9:19 a.m. - Fox Chapel Area School District releases plan for teaching students in the fall
The district is offering families two plans: a hybrid of in-school and remote learning, or all-remote learning. Under the hybrid plan, elementary students will be divided into cohorts and attend in-school classes on certain days of the week, while secondary-school students will be grouped alphabetically and also receive in-school instruction on select days.
Parents who opt for the all-remote plan can choose between two options. The first includes a blend of synchronous instruction, in which students and teachers are online at the same time, combined with asynchronous instruction, such as teacher-recorded videos and software-based curriculum.
The second all-remote option contains only asynchronous instruction. The district says this overall educational model is subject to change based on health and safety recommendations.
6:00 a.m. - Three Ambridge High School students test positive for COVID-19
Two members of the girls' soccer team and one member of the band at Ambridge Area High School have tested positive for COVID-19, according to a statement from Barry King, the Pandemic Coordinator for the district. All three students are quarantined. The two infected soccer players recently attended practice and the district has temporarily suspended girls' soccer practice. The band has not yet begun summer practice.
5:47 a.m. - Drive-by food distribution in Washington, Pa. today
The Greater Pittsburgh Community Food Bank is holding a drive-up distribution today in Washington, Pa. The event runs from noon to 2 p.m. Each food-share will contain at least 50 pounds of food. Reservations are required. More information is available here.
5:33 a.m. - Flooding due to climate change could cause toxin release at Superfund sites
Increased flooding caused by climate change could result in the release of toxic chemicals from hundreds of Superfund sites along the Atlantic Coast, according to a new report.
A disproportionate number of these highly dangerous hazardous waste sites are located near communities of color and low-income residents.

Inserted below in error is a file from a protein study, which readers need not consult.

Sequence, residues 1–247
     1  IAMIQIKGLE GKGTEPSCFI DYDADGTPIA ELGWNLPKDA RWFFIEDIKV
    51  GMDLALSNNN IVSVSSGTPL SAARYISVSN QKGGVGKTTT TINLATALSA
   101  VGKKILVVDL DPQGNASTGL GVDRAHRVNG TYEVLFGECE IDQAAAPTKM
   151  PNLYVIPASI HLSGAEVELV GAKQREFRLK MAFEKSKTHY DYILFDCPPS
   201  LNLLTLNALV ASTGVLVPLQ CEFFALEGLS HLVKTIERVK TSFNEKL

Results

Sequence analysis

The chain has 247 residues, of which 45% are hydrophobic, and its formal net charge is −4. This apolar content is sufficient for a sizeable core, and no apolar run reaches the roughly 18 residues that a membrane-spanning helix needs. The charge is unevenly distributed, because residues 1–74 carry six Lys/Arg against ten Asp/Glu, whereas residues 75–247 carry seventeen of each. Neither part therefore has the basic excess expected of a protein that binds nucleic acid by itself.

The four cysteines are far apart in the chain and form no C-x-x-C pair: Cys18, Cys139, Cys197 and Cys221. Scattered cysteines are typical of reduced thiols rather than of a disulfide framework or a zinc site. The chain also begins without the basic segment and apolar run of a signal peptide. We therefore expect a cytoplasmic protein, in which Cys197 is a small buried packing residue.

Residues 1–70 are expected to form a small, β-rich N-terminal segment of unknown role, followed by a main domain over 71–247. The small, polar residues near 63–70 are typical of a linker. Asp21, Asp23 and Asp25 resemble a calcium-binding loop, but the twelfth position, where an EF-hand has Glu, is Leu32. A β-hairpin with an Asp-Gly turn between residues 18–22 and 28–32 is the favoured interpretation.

Dozens of these sites are located in New Jersey and southeastern Pennsylvania.
Sea level rise could cause flooding at more than 200 current and proposed Superfund sites in Pennsylvania, New Jersey and Delaware in the next 20 years.
The report by the Union of Concerned Scientists says the EPA under the Trump Administration suppressed research in this area and is shirking its responsibility to protect public health. Jacob Carter is a former EPA researcher and author of the report.
“Millions of people of color and thousands of low income households will be at risk from future flooding from these sites. And that’s something that the agency can no longer sit on. There needs to be action now.
President Trump reversed an Obama-era mandate that required EPA to use climate science to assess flood risks. An EPA spokesperson says the current Superfund program adequately addresses those risks.
5:12 a.m. - How autonomous vehicles could help people with disabilities
The University of Pittsburgh will lead a consortium of institutions to study how autonomous vehicles can be made accessible to those with physical disabilities. The U.S. Department of Transportation awarded the school a $1 million grant last week. The department awarded grants to four new University Transportation Centers to advance research and education programs that address transportation challenges.